My name is danah boyd and I'm a Principal Researcher at Microsoft Research and the founder/president of Data & Society. Buzzwords in my world include: privacy, context, youth culture, social media, big data. I use this blog to express random thoughts about whatever I'm thinking.

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when mainstream media cite blogs

This morning, Google News informed me that i was referenced in a mainstream media article. Having not spoken to reporters for a while, i was curious what i could’ve said (and praying that it had nothing to do with Burning Man). Sure enough, i’m cited in a Sunday Times article called How they triggered war on the web. The Sunday Times never contacted me; they simply referenced something that i said on my blog. While this is pretty common practice in blogging journalism, i have never experienced this personally with mainstream media. What humors me most is that they cite my blog but do not cite the actual entry which provides much more relevant information.

Another thing that fascinates me is their choice of affiliation. The last question most reporters typically ask concerns affiliation – they want to know how to identify me in their article (and how to spell everything correctly). I typically use my Berkeley affiliation because my opinions usually stem from my academic research and may not reflect the values/ideas of my employer. In some cases, reporters print both. While i’m happy to be identified as a researcher for Yahoo!, that post has nothing to do with Y! And besides, when i wrote it i didn’t even work there. Strange strange.

I also find the reporter’s choice of tense fascinating. Rather than indicating that i wrote XYZ, the reporter states that i “maintain” XYZ. This sounds like it’s an active ongoing process, that i’ve been continuously proclaiming an opinion i wrote 2 months ago. While i do believe that 7/7 (and every major catastrophe in the last 20 years) pushes the evolution of media along, it feels a little strange to see words put into my mouth about my current opinion. I wonder what other past voices of me will become present.

::laugh:: There’s something funny about watching mainstream media pick up their reporting habits from bloggers. I wonder if we get misspellings next?

In any case, blogs must be super useful if you’re a reporter (especially if you have a propensity for procrastination). All of a sudden, there are millions of quotable opinions out there waiting to be cited. Of course, it puts a little jab into the ethics question about whether or not opinions on the web are public.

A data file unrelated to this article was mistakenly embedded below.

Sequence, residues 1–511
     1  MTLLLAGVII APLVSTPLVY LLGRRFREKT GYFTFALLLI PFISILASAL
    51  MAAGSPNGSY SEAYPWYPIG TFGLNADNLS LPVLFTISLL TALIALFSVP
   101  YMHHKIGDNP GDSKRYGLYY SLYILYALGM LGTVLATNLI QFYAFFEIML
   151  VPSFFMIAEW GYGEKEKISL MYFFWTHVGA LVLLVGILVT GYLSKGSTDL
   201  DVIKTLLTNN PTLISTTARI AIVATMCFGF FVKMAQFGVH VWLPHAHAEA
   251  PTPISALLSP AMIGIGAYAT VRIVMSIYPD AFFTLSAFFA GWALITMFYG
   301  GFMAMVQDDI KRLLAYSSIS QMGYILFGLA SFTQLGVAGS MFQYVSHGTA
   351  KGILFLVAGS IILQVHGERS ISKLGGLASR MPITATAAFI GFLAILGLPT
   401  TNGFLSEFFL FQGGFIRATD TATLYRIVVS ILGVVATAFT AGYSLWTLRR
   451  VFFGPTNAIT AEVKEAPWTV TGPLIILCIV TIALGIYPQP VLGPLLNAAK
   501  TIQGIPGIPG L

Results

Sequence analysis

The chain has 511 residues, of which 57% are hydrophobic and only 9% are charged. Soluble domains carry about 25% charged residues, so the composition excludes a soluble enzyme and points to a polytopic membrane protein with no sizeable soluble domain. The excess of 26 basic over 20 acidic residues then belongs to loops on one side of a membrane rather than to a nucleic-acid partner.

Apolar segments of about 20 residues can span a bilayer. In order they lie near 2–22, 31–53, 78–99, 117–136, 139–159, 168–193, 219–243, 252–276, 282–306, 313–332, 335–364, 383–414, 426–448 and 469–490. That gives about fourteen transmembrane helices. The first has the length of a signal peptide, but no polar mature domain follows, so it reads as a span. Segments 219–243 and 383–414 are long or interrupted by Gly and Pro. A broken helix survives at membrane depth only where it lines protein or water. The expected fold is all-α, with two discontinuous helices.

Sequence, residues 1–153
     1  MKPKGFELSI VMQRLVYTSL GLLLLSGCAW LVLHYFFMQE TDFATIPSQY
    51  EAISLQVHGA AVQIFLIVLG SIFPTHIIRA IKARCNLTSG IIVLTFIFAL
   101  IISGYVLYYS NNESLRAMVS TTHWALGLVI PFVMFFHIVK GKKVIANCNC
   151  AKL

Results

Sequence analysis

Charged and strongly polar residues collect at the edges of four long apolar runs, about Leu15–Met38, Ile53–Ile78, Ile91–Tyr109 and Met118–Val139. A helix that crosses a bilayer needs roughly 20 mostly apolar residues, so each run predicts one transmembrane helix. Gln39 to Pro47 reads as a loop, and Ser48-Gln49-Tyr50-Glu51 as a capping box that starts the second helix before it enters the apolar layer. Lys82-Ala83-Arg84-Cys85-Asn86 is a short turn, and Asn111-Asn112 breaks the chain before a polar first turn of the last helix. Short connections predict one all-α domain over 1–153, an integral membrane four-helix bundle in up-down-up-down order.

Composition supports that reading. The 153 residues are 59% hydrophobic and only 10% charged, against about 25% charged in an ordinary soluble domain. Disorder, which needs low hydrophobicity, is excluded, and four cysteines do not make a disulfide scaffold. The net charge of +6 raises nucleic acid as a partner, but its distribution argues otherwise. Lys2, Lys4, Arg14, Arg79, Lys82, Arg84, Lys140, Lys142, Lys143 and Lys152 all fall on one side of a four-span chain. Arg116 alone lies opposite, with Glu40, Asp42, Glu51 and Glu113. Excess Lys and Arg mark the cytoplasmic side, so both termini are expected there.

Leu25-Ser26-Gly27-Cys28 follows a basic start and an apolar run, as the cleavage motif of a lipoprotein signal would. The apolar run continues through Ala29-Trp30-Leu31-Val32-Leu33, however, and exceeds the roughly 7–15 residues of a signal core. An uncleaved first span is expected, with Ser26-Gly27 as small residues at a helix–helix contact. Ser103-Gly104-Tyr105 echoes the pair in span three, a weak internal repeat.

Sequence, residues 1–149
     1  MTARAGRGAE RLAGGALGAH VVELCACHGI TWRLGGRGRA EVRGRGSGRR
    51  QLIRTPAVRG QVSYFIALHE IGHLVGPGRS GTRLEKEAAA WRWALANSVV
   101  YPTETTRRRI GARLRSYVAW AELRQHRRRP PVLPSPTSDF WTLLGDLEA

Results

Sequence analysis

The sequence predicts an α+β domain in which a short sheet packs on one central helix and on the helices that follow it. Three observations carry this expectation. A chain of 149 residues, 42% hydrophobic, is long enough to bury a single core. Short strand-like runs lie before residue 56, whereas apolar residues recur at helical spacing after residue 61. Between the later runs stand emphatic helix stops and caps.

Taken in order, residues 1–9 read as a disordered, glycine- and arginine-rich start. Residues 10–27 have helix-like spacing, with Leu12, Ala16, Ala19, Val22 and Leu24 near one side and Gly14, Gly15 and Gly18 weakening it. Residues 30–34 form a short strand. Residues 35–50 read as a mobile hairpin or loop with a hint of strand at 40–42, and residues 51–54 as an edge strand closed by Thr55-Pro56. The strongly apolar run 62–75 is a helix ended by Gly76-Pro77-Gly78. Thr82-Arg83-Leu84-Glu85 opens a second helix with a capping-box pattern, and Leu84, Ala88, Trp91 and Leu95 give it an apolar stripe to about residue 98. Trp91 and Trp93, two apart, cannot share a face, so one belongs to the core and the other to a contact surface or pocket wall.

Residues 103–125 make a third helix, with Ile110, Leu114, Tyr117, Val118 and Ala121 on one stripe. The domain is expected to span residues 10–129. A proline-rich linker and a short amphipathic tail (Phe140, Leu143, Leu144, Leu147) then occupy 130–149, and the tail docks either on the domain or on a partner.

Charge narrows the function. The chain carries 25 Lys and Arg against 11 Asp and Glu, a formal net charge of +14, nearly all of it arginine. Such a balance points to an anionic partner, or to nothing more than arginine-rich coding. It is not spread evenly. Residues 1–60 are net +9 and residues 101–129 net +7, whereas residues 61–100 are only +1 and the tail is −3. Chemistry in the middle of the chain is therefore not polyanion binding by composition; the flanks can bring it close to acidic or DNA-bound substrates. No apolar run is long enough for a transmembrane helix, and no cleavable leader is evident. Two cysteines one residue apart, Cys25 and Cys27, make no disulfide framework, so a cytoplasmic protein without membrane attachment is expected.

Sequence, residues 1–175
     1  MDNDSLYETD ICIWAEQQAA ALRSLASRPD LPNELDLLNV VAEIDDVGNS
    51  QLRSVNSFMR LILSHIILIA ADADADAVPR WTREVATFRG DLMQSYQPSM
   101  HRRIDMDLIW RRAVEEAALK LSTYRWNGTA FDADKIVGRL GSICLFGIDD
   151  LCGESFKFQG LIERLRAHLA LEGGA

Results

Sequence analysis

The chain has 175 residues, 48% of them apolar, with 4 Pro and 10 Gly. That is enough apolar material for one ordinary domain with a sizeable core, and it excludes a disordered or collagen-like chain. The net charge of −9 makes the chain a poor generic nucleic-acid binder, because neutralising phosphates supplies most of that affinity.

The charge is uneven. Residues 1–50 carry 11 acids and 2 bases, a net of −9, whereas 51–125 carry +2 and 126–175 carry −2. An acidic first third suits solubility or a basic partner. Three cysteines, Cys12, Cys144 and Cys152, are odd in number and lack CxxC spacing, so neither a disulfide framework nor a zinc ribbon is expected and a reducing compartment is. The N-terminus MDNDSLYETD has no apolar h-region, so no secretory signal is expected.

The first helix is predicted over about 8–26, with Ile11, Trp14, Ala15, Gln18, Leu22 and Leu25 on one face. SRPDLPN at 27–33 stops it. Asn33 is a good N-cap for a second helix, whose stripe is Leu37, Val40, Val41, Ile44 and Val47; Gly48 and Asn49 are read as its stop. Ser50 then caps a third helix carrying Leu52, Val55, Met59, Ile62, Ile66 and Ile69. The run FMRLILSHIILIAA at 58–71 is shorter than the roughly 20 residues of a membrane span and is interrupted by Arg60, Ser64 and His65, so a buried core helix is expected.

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6 comments to when mainstream media cite blogs

  • Why, were you at Burning Man?

  • Jessi Hempel

    Gotta tell you this entry made me laugh. I don’t know if I think the nyt reporter made an ethically appropriate choice, though. As a reporter – working on a story about social networks – who has spoken to you for a story before, I think I’d feel compelled to be in touch if I were going to quote you – from that aging interview or from your blog….

  • also find the reporter’s choice of tense fascinating. Rather than indicating that i wrote XYZ, the reporter states that i “maintain” XYZ. This sounds like it’s an active ongoing process, that i’ve been continuously proclaiming an opinion i wrote 2 months ago. While i do believe that 7/7 (and every major catastrophe in the last 20 years) pushes the evolution of media along, it feels a little strange to see words put into my mouth about my current opinion. I wonder what other past voices of me will become present.

  • What is it with the world today? I think the IPhone was a very cool idea, but then it came out and I think they were not ready for it. And now Google is talking about making a phone? Is everyone going to jump on the bandwagon with phones before the system is ready for them? I can see Yahoo, AOL, and yes, even the Myspace phones being next. We are going to have this influx of phones from different companies competing for the newest and coolest looking phone. And then we have all these phones out there, and the cell phone network will not be able to support them and we have very expensive palm pilots. I still have my very first cell phone from when I was 18, and look at it and realize that I now have a very large phone book. I hope that we are not jumping ahead of ourselves in making these.

  • Wow! Have you tried telling these people your concern? It’s a bit nice that you only laugh at this thing, I can’t afford to say a big mistake. If you were someone else, these people could have received a word. I really think they should be informed that their reporting standards are no longer above average and, in a way, it downgrades the credibility of people with whom they’re affiliated.